Facebook founder Mark Zuckerberg has said that an alleged contract and e-mails that a New York man claims entitle him to a 50% stake in the social networking site are "forgeries".
Paul Ceglia says that Mr Zuckerberg signed a contract in 2003 which gave Mr Ceglia half-ownership of Facebook.
In a court filing, Facebook and Mr Zuckerberg demand that Mr Ceglia turn over the alleged contract and e-mails.
Lawyers representing Mr Ceglia disputed Facebook's claims.
"Those so-called expert opinions have been provided without examining the actual contract which is at issue in the case," said Dennis C Vacco, who is one of Mr Ceglia's attorneys.
In a filing made at the US District Court in Buffalo, Mr Zuckerberg said he provided web development services in 2003 for StreetFax, a business Mr Ceglia was trying to start at the time.
He said he signed a contract drafted by Mr Ceglia, a wood pellet salesman, which referred only to the work he did for StreetFax.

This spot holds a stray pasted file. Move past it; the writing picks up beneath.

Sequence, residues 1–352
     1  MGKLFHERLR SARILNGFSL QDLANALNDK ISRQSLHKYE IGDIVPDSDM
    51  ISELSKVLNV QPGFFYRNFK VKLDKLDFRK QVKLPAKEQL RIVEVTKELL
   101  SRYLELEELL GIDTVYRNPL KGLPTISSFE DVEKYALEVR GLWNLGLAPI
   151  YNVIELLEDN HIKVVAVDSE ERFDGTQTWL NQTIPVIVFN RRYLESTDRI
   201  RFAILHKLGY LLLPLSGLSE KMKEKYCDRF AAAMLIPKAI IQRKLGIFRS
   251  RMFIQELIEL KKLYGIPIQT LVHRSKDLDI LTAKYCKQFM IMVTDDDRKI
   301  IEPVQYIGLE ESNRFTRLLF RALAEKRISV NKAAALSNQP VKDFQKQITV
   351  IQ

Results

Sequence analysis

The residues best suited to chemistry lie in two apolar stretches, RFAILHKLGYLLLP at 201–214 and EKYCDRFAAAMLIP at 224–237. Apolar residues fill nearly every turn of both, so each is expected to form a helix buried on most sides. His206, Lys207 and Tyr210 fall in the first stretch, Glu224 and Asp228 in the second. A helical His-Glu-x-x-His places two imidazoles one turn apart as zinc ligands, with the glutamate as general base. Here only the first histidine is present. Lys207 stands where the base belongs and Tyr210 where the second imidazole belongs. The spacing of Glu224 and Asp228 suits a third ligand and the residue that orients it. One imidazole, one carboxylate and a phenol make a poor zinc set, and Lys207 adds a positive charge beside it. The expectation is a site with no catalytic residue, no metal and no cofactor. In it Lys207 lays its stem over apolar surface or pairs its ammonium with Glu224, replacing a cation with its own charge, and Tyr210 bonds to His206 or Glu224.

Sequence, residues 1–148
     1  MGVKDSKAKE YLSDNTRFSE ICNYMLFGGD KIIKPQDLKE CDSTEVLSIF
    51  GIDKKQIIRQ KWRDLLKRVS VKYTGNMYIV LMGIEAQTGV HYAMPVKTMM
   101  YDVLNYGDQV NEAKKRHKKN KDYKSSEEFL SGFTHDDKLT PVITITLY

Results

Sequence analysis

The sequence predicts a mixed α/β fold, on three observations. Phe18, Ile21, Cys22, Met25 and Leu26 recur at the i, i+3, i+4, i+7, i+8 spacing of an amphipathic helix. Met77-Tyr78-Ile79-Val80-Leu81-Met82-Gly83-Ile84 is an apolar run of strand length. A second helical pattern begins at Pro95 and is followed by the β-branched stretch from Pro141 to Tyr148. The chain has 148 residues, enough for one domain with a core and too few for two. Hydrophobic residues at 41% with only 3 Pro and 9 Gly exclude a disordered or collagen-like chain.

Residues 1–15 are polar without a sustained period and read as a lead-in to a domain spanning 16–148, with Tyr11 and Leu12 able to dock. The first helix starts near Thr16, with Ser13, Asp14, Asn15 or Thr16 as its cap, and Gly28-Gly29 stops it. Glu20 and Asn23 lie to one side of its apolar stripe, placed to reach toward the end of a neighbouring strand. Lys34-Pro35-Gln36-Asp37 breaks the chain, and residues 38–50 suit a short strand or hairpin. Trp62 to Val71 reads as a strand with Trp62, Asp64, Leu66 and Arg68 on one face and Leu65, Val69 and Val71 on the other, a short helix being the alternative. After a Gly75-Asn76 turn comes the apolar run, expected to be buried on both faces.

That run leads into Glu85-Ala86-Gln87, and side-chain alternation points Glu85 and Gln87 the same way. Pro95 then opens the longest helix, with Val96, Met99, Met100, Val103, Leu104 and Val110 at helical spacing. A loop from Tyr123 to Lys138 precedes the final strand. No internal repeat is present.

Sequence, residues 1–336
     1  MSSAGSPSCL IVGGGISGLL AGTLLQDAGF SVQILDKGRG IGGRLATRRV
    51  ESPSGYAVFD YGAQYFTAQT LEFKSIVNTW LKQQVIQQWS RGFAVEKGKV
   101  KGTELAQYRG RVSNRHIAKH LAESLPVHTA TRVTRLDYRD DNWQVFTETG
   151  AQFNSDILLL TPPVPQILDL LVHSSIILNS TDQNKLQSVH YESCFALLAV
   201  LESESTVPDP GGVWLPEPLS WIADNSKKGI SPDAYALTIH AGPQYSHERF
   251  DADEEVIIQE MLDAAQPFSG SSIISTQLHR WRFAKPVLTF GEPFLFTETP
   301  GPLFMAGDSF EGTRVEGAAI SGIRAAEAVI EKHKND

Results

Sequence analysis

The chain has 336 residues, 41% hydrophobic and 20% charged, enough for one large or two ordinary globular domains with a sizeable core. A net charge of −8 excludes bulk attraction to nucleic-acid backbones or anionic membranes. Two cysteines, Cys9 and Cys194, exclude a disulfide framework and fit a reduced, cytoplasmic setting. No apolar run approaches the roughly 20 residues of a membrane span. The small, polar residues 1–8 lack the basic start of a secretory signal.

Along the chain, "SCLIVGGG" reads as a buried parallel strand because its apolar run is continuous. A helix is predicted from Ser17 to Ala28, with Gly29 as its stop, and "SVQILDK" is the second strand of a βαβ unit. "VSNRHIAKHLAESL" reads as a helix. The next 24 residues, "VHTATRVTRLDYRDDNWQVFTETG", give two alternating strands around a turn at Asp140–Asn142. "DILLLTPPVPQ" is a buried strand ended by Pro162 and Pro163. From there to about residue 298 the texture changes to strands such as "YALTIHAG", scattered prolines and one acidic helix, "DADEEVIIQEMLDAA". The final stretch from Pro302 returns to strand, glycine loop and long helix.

"Zuckerberg and Ceglia never discussed Facebook and they never signed a contract concerning Facebook," the filing said.
"The contract is a cut-and-paste job, the e-mails are complete fabrications, and this entire lawsuit is a fraud."
Facebook and Mr Zuckerberg hope to use forensic testing to show that the documents are fakes.
Facebook is privately owned but estimates of its worth range between $50bn (£30bn) and $76.4bn (£46.7bn).
Twins Cameron and Tyler Winklevoss also claimed that Mr Zuckerberg stole their website idea while they were all students at Harvard.
In 2008 they reached a settlement which gave them $20m in cash and $45m of stock valued at $36 a share.
They have since unsuccessfully tried to reopen their case against Facebook, claiming that the company concealed information and they should have received more shares.